(AP/Paul Drinkwater)

The magic of Tina and Amy: Here's why this duo is so good at hosting awards shows

On the eve of their third and final Globes gig, some thoughts on what makes them the best team in the game


Erin Keane
January 12, 2015 5:00AM (UTC)

Already the boozy, good-time cousin of the relatively restrained Emmys and Oscars, the Golden Globes have been infintely more watchable the last couple of years thanks to hosts Tina Fey and Amy Poehler. As they enter their third and final turn on Sunday hosting the Hollywood Foreign Press Association’s champagne-fueled TV and film love-fest, prospective future hosts might find themselves a little nervous about the future. Fey and Poehler are clearly a lot to live up to.

Compared to previous host Ricky Gervais, who wasn’t invited back after a set of blistering jokes in 2011 that included mocking Robert Downey Jr.’s drug addiction, Fey and Poehler are irreverent and smart but not gratuitously mean, working the line between knowing insider and bratty peanut-gallery with just the right balance of wink and shrug.

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Their Golden Globes magic pre-dates their hosting duties. In 2012, Fey’s sly photobomb of a winking Poehler, when the nominees for best actress in a television comedy or musical series were announced, went viral. As Emmys presenters in 2008, Fey played the knowing valedictorian, welcoming the audience in different languages, while Poehler played the gleeful slacker, affecting sloppy accents instead. In 2013, they performed a hilarious guest bit, defending their own hosting supremacy by heckling host Neil Patrick Harris:

As hosts of the Golden Globes, they play off each other brilliantly. In their 2013 monologue, both up for the Best Actress in a TV comedy award, they poked fun at their non-existent rivalry, making ridiculous sport of the competitive female frenemy narrative. “You’re my nemesis,” said Fey tenderly, brushing the side of Poehler’s face. Of course, when Poehler won for the first time last year for her work as Leslie Knope on “Parks and Recreation,” Fey’s glee was palpable.

Even when their jokes are barbed, they’re skilled at making it look like they single personalities out for teasing because they’re special, not because they’re inherently ridiculous, and they have a knack for turning a joke about a person in the room into a joke on someone absent. Fey, in 2013 to Anne Hathaway on her “Les Miserables” performance: “I have not seen anyone that totally alone and abandoned since you were on stage with James Franco at the Oscars.” Poehler, the same year, to Kathryn Bigelow: “I haven’t really been following the controversy over ‘Zero Dark Thirty,’ but when it comes to torture, I trust the lady who spent three years married to James Cameron.” Except when the target can totally take it like during an off-hand celebrity roll-call moment when Fey quipped, “Quentin Tarantino is here, the star of all my sexual nightmares.” He seemed delighted.

Awards shows are notoriously bloated messes of butt-kissing and ridiculous pomp, but Fey and Poehler openly mock that tone through small gestures, like genuflecting while they announce “Daniel Day-Lewis is here” in 2013 and telling Matt Damon last year that he was “basically a garbage person” compared to the star wattage in the room. They’re not afraid to get political on Hollywood gender roles, striking the right tone (no “We Saw Your Boobs” Seth MacFarlane doofiness there) with 2014’s commentary on Meryl Streep’s performance in “August: Osage County” as proof that “there are still good parts in Hollywood for Meryl Streeps over 60” and remarking on the praise for Matthew McConaughey’s physical transformation in “Dallas Buyers Club” when he “lost 45 pounds, or what actresses call ‘being in a movie’.”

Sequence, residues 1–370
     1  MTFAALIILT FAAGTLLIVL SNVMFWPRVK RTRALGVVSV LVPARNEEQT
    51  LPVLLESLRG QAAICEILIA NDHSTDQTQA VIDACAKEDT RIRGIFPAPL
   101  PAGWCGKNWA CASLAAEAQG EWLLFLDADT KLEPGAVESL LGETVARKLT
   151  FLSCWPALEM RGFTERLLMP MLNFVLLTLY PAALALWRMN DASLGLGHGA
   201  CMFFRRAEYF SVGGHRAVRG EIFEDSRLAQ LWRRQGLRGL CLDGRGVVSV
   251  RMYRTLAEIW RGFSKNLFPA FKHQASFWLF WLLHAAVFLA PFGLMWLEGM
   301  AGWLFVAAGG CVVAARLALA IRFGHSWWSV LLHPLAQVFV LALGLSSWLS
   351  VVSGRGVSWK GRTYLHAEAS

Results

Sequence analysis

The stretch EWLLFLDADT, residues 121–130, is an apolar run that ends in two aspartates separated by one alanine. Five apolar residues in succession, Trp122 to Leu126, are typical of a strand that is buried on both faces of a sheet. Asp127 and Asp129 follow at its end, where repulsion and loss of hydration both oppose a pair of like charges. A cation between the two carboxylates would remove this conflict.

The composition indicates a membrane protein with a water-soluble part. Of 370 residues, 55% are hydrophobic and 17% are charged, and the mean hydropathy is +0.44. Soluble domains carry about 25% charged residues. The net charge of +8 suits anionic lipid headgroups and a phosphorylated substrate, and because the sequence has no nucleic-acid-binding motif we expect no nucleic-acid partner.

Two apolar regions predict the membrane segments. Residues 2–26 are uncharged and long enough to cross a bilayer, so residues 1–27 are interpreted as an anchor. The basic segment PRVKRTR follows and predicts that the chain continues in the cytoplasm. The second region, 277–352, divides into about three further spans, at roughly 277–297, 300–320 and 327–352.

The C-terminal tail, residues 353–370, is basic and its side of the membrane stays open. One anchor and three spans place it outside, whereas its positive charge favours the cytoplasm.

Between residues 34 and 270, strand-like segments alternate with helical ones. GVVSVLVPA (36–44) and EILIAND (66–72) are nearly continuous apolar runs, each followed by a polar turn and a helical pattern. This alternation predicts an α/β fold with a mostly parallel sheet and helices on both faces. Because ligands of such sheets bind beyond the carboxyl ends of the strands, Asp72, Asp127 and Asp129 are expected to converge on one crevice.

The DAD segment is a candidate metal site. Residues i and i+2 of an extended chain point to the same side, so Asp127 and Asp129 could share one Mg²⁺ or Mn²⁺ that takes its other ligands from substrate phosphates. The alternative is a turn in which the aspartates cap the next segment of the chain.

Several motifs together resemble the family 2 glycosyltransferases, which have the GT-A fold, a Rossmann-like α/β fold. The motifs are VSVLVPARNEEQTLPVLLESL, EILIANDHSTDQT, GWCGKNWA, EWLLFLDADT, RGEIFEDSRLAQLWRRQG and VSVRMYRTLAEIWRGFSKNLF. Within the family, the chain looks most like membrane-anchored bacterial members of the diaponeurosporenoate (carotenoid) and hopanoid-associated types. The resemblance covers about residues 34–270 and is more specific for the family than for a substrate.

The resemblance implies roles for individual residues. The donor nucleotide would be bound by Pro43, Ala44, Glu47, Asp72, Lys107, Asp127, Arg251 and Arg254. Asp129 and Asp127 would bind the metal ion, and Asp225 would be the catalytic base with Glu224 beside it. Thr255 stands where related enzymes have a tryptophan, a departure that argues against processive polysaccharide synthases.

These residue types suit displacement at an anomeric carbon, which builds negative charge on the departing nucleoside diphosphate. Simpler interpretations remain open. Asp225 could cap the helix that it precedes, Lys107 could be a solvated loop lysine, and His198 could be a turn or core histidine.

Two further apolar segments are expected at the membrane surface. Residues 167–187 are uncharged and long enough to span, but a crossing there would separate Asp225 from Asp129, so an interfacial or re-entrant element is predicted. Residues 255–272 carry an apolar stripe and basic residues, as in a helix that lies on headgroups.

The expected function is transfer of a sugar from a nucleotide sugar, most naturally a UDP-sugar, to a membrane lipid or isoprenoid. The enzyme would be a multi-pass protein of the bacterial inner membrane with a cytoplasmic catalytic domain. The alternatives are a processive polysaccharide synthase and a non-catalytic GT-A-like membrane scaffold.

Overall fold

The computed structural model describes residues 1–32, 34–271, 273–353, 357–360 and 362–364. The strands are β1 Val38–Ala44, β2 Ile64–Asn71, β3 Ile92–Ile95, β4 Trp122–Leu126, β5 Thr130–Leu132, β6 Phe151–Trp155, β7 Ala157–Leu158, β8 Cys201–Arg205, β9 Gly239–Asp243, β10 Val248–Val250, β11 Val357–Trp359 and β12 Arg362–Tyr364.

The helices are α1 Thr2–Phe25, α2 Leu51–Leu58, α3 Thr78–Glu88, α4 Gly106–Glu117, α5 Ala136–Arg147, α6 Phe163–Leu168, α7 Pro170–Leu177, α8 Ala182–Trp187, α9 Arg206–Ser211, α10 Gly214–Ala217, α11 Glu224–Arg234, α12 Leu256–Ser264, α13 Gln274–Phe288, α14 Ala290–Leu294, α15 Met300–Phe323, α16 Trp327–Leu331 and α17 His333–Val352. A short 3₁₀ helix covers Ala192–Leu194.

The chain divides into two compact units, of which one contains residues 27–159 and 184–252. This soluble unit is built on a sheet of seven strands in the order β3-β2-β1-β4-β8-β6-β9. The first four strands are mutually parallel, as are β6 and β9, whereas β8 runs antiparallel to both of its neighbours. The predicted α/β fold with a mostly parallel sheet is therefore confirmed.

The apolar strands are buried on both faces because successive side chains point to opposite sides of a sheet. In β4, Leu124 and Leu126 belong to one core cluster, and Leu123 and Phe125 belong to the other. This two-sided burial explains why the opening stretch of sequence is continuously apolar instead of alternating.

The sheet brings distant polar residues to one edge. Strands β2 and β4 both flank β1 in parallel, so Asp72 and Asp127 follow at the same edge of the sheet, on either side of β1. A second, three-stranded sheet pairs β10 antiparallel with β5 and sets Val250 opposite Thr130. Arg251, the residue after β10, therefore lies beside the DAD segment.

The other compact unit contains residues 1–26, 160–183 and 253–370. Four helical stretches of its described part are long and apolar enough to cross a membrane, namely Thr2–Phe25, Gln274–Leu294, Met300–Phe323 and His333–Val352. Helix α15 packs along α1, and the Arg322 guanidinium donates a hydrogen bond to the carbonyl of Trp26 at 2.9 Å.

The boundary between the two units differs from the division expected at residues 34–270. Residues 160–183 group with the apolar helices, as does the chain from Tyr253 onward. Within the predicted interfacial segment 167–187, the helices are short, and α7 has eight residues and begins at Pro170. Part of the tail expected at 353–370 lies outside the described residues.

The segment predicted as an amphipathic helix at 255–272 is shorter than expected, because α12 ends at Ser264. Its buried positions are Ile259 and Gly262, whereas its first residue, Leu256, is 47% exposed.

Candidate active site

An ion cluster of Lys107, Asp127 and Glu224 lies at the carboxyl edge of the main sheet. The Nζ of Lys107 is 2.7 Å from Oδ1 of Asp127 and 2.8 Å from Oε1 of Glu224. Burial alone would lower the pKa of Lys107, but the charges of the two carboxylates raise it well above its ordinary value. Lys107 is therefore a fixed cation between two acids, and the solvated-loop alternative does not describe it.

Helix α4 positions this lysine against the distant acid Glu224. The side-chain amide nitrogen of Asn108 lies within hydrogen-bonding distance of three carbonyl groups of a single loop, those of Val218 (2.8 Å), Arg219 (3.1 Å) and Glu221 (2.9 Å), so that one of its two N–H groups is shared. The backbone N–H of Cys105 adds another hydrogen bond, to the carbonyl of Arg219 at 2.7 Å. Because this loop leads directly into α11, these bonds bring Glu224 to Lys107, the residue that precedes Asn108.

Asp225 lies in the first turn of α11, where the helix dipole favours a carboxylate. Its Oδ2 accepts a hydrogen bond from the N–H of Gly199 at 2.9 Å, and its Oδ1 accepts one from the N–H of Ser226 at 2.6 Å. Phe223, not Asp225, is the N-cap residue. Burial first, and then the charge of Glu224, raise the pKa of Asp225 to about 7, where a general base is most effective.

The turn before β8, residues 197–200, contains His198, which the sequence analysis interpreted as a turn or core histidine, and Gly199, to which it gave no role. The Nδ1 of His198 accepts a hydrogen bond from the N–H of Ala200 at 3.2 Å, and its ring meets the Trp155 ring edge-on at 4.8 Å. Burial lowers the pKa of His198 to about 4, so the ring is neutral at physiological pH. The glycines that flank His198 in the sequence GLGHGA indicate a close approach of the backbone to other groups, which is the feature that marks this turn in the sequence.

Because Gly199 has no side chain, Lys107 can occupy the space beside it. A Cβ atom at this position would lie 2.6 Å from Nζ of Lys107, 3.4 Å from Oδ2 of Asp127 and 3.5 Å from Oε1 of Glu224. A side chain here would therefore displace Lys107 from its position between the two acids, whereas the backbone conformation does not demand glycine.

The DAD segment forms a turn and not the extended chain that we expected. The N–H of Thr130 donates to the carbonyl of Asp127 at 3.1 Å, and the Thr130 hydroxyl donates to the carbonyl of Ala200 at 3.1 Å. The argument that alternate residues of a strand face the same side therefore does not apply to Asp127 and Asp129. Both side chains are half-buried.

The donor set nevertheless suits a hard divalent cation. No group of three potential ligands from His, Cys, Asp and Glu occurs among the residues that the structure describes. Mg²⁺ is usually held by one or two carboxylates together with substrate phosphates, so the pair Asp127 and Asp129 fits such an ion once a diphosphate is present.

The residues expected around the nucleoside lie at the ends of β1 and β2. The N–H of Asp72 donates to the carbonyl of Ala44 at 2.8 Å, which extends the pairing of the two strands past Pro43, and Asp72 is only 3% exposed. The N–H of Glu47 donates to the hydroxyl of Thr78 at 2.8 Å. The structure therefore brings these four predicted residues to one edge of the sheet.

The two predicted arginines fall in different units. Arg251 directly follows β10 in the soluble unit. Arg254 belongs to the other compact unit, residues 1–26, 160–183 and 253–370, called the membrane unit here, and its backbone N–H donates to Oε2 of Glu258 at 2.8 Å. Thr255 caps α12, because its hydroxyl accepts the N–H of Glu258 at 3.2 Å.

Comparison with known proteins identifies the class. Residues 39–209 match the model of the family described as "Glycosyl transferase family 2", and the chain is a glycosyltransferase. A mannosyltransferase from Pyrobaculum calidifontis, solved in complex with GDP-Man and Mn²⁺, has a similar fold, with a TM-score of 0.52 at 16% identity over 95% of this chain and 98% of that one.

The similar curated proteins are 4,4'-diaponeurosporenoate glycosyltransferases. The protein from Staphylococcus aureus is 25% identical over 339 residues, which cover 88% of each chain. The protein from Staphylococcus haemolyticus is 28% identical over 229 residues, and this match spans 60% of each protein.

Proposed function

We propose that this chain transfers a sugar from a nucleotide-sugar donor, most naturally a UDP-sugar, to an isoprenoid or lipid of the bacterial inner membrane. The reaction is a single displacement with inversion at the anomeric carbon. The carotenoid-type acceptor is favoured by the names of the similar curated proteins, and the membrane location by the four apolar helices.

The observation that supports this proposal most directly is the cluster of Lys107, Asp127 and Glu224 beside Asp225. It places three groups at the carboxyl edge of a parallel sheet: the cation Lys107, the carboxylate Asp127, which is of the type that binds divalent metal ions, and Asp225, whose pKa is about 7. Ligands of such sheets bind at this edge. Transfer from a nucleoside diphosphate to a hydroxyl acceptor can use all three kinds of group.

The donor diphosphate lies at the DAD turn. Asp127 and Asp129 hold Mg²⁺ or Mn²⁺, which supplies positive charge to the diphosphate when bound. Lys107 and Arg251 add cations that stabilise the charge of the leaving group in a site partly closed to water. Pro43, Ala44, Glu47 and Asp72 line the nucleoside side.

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When they’re making personal jokes, they punch up: they brought down the house last year with a joke on “Gravity”: “the story of how George Clooney would rather float away into space and die than spend one more minute with a woman his own age.” They invited the audience to give “a supermodel’s vagina” warm welcome to model magnet Leonardo DiCaprio.

Even their weird little interstitial bits are inspired, like their boozy heckling of Julia Louis-Dreyfus last year when she was nominated in both TV and film categories ("Well, well, well, look who slithered back over to the television section!") and poking fun at the goofy Miss Golden Globe tradition by dressing Poehler up as "Mr. Golden Globe," Fey's “adult son from a previous relationship,” roaming the aisles, trying to figure out who her real father is.

Citing the famous comedy “rule of threes,” Poehler and Fey have declined to host a fourth year, and while it's sad to see this particular set-up end, it's also admirable when artists know when to go out on top rather than drag out a success until it's no longer fun for anyone. Topics to watch them apply their intellect and timing to this year include some serious Hollywood issues, like the Sony hack and Bill Cosby’s sexual abuse scandal (“oh heck yes, says Fey), as well as some of the more absurd corners of the industry (see also: lots of material from the Sony hack). Fey claimed this earlier this week that they hadn’t written a thing yet, but said, “I’m ready. I’m bringing it.”

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Erin Keane

Erin Keane is Salon's deputy editor in chief.

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